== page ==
One of my favorite historians is Barbara Tuchman. One of the first large volumes of history I read growing up was “The Guns of August”, her Pulitzer Prize-winning book about the outbreak of World War I. The Library of America has recently released two of Tuchman’s works, the aforementioned “The Guns of August” and “The Proud Tower” which details the pre-World War I era, together with the personalities and events which led to the ‘war to end all wars.”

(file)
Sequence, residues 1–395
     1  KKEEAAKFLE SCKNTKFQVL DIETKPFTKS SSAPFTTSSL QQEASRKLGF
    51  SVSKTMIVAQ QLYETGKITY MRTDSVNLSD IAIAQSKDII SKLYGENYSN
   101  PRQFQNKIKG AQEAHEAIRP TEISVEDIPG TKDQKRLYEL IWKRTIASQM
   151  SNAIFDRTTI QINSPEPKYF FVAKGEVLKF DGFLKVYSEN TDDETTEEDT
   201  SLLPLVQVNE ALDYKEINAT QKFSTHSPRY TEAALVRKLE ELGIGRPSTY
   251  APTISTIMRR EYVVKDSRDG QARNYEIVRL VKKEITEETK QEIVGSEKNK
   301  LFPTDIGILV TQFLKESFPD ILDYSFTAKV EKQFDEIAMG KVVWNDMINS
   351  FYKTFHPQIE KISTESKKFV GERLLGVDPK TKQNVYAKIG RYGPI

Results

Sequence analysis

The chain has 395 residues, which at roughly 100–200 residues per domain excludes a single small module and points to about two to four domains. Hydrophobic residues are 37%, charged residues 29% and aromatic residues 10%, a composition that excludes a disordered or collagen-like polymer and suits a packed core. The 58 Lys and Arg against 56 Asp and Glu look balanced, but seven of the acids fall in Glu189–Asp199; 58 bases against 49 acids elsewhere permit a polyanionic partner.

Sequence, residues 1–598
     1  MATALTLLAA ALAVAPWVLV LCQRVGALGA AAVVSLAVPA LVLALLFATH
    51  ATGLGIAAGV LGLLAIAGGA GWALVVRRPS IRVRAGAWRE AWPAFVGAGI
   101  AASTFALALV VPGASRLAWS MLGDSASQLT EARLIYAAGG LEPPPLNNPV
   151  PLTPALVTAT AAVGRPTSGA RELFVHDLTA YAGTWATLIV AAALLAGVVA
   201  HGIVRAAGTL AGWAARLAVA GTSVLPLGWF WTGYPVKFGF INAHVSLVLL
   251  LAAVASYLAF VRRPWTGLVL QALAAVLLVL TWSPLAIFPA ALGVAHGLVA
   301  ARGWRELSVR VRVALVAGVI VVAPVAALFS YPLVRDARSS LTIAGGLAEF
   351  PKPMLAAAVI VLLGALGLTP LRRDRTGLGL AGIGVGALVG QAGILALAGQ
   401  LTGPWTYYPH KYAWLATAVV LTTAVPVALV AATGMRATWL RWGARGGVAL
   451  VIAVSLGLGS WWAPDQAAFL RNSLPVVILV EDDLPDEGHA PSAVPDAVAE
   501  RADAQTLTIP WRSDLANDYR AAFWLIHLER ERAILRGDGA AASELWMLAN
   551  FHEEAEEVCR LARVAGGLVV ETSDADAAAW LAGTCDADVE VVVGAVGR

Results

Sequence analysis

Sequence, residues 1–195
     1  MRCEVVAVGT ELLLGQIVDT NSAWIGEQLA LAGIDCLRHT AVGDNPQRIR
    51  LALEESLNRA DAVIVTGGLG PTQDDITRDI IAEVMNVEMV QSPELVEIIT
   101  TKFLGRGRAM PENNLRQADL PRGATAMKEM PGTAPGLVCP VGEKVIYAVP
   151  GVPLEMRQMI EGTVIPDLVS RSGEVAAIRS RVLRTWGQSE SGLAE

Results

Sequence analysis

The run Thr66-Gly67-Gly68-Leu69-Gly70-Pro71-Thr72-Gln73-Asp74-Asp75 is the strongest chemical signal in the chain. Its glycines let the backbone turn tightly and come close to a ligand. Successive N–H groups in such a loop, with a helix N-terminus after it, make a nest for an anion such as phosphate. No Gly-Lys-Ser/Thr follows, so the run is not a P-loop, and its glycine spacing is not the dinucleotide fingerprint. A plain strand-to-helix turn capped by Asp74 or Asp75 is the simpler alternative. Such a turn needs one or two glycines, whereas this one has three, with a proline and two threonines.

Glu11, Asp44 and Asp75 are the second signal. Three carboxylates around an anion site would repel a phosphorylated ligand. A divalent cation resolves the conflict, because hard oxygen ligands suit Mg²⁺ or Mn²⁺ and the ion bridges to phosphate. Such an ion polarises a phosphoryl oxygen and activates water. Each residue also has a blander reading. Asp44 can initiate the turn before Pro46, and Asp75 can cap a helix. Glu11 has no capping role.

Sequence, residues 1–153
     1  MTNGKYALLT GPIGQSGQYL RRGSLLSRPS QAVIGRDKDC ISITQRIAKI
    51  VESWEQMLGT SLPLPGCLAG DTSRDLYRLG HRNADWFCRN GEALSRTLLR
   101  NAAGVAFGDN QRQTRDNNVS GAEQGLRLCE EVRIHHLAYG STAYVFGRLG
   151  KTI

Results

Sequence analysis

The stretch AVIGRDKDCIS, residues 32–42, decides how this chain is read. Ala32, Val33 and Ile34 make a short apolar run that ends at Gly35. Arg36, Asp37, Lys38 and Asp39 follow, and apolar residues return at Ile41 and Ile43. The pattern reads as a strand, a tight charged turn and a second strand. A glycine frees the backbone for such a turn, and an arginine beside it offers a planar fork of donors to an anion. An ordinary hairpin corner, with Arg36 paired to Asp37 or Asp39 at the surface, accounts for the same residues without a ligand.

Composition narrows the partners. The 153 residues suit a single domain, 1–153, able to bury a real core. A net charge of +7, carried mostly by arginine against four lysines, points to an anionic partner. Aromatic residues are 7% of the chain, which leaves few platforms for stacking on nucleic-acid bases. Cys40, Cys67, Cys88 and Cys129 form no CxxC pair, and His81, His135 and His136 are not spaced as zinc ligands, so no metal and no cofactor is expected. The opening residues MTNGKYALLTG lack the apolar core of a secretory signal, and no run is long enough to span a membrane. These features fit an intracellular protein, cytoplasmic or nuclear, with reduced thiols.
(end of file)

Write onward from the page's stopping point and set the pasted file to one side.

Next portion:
This love of history coupled with my interest in ethics and compliance was piqued by an article in the Saturday edition of the Wall Street Journal (WSJ), entitled “A Heroine of Popular History”, by Bruce Cole. The article discussed the work of Tuchman as a popular historian and contrasted the books she wrote with those written by historians with a more academic focus. He quoted the historian Catherine Drinker Bowen, who had the following quotation over her desk “Will the reader turn the page?” I thought this question had particular relevance in the arena of compliance programs; as compliance professionals continually try to get the message of compliance throughout a corporation. So here is some of the wisdom of writing history that Tuchman advocated and how it might help the compliance professional convey the essence of doing business in compliance across a corporation.
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